The thing is that most of the timelines for devastation are unrealistic. It's like any day now the nation will simply fall over like a house of cards.
Yes, we are in no man's land with respect to the Fed's balance sheet and to hear a president say a balanced budget is not important raises red flags.
Yes, the watered down educational system that thinks a school without whiteboards and computers should engage in grade inflation to level the playing field is just setting children up for massive embarrassment and failure in the future. When teachers become the protected class and parent are absolved of responsibility the answer is to lie to children with grade inflation.
Yes, the war on success will deter innovation, risk-taking, and success (novel idea isn't it), but the notion that the DNA of the nation has changed so dramatically overnight is belied by all the great companies popping up on a daily basis and people still getting up each morning at the crack of dawn to work jobs with low pay and little upside in order to give their children a step up in life.
There's a lot of brouhaha going on over David Stockman's new book "The Great Deformation: The Corruption of Capitalism in America" and his op-ed in the New York Times over the weekend. I agree the Fed is doing too much, and I think businesses that fail shouldn't be saved on the taxpayers' dime but I disagree it's sundown in America, which takes from the line of Stockman's former boss Ronald Reagan. The assertion that a giant collapse is in the offing so people should sit in their homes with a pile of cash and wait would only make such a prediction self-filling.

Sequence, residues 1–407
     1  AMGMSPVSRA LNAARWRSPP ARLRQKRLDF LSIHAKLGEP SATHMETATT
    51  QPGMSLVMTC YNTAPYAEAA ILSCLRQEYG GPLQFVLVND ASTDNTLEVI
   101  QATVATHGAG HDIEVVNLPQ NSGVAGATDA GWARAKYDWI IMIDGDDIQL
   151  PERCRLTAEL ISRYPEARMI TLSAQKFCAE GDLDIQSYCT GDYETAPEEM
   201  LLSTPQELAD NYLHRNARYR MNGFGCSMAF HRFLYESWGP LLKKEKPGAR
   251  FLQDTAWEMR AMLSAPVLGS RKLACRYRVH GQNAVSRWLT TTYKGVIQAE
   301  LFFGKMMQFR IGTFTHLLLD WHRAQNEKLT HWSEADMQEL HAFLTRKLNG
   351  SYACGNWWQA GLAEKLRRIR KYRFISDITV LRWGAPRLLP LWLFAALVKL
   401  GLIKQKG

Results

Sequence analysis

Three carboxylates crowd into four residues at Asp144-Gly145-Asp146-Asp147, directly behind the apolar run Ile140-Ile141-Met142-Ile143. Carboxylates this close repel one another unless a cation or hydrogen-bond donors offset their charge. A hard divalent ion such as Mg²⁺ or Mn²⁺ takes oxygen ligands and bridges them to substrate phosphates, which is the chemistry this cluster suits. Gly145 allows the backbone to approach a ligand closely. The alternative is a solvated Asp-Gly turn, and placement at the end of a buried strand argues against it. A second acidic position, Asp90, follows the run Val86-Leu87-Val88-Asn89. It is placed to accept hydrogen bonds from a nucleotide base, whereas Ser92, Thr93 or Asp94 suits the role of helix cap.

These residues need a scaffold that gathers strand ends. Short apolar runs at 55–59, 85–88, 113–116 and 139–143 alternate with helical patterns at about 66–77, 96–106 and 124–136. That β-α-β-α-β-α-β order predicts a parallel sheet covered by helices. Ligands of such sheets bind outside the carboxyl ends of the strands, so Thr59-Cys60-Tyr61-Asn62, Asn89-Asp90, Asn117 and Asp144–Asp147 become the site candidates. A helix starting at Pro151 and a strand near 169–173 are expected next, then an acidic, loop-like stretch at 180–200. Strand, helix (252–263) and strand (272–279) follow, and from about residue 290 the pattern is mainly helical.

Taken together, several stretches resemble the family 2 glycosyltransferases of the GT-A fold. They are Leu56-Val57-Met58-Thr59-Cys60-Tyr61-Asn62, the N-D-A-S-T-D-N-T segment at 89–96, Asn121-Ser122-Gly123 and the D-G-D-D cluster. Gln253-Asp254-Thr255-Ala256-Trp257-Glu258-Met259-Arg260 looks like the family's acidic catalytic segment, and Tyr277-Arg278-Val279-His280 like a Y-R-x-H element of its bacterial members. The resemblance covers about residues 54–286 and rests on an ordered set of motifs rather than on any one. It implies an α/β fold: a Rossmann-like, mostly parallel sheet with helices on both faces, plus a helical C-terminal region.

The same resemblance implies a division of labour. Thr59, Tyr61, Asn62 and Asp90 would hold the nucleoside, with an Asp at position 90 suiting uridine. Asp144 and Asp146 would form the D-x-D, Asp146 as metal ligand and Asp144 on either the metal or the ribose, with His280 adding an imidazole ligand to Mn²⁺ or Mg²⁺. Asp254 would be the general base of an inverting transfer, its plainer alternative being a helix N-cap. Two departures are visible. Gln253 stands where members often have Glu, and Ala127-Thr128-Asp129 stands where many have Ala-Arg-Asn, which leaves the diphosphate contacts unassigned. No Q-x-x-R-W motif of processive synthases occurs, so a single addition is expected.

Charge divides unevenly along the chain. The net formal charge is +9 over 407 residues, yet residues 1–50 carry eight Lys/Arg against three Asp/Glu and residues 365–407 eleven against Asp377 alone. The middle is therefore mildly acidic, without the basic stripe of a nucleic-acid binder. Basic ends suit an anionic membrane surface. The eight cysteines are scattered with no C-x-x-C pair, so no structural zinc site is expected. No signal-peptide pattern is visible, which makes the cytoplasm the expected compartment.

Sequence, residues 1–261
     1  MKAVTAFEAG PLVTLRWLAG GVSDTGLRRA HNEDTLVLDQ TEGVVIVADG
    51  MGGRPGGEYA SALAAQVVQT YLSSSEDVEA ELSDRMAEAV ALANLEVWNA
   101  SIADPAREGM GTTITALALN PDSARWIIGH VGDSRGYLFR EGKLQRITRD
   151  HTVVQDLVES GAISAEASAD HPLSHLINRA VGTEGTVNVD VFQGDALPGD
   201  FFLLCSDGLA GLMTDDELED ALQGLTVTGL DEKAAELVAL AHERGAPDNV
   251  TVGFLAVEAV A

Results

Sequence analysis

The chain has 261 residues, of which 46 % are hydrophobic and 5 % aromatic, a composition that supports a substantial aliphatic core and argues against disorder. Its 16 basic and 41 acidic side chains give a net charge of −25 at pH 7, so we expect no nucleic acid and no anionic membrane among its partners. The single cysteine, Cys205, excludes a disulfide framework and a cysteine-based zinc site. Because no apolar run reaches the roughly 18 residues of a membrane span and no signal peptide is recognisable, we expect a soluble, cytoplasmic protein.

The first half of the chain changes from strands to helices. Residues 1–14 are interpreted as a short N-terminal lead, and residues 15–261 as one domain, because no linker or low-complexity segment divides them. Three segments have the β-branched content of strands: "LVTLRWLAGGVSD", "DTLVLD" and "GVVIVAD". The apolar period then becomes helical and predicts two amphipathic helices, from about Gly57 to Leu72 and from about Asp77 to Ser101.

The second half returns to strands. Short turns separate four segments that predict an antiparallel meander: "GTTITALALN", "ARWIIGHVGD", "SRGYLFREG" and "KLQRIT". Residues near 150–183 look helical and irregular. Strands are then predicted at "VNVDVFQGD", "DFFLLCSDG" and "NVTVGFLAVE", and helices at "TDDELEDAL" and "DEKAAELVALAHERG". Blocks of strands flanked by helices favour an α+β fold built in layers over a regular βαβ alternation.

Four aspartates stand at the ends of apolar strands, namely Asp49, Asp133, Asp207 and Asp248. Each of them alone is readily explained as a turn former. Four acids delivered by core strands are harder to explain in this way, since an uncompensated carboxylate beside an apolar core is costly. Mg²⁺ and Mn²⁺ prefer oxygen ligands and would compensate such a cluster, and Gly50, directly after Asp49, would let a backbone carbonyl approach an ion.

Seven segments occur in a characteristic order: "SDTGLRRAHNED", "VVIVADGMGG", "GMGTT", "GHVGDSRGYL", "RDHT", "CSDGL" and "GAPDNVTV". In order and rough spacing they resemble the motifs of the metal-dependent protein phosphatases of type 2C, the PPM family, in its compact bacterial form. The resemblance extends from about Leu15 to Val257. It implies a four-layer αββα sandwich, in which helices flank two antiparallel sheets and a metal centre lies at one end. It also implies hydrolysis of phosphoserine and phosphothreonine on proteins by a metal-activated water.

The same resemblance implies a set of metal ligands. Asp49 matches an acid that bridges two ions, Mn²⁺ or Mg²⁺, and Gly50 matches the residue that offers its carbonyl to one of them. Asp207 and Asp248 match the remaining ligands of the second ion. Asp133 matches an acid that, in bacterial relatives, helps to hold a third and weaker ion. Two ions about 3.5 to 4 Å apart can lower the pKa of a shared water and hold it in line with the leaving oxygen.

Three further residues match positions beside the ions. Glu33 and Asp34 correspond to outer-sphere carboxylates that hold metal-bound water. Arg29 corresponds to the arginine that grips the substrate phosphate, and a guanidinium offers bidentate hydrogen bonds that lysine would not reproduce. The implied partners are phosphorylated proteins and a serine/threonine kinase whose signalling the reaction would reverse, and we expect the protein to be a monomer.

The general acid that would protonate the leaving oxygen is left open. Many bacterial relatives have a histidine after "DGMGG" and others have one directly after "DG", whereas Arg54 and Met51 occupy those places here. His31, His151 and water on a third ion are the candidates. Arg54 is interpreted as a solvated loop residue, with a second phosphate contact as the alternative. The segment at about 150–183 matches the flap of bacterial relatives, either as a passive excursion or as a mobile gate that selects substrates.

I'll read the book and come back with a more in-depth critique, but this looks like another populist rant where some guy tries to be on both sides of the debate stoking the fears of the left and right. That's a neat trick.
What Would Steve Do?
In the meantime the apology-nation rolls on with Tim Cook, CEO of Apple, and the latest to offer Chinese customers sincere regret. Apologizing is a wonderful thing when it's sincere and without ulterior motives. I didn't think America owed Middle Eastern nations the apology tour that was at the top of President Obama's agenda in the first term. In life mistakes are made that result in unintended consequences. When these happen we often say "sorry," but that's different than saying an apology that typically comes on the heels of mean-spirited intended consequences.
I think Tim Cook made a mistake, but it underscores his approach to managing Apple versus Steve Jobs who I don't remember ever apologizing for anything. On that note, this does underscore how important China has become following the desperate moves by Yum Brands, parent of KFC, and Taco Bell, after a chicken scandal left their restaurants out of favor. Yum has come right out to say this is life or death for the company and feeding people food pumped with stuff not labeled is a more egregious transgression.
Coming from strength seems not to be an option anymore for far too many American businesses. The tone has been set, but let's hope execution is the focus instead of bowing for each mistake.
These days it seems like each week is greeted with a new call of doom and gloom or a new apology. In fact, of all the bubbles on the cusp of bursting, I'd rank the doom and gloom crowd first and the apology crowd second. The fear-mongers typically begin with a good premise, whether it's the unraveling of the country and what made America great or the Fed printing too much money or an acceptance of mediocrity that will leave the nation out of position to compete in the future.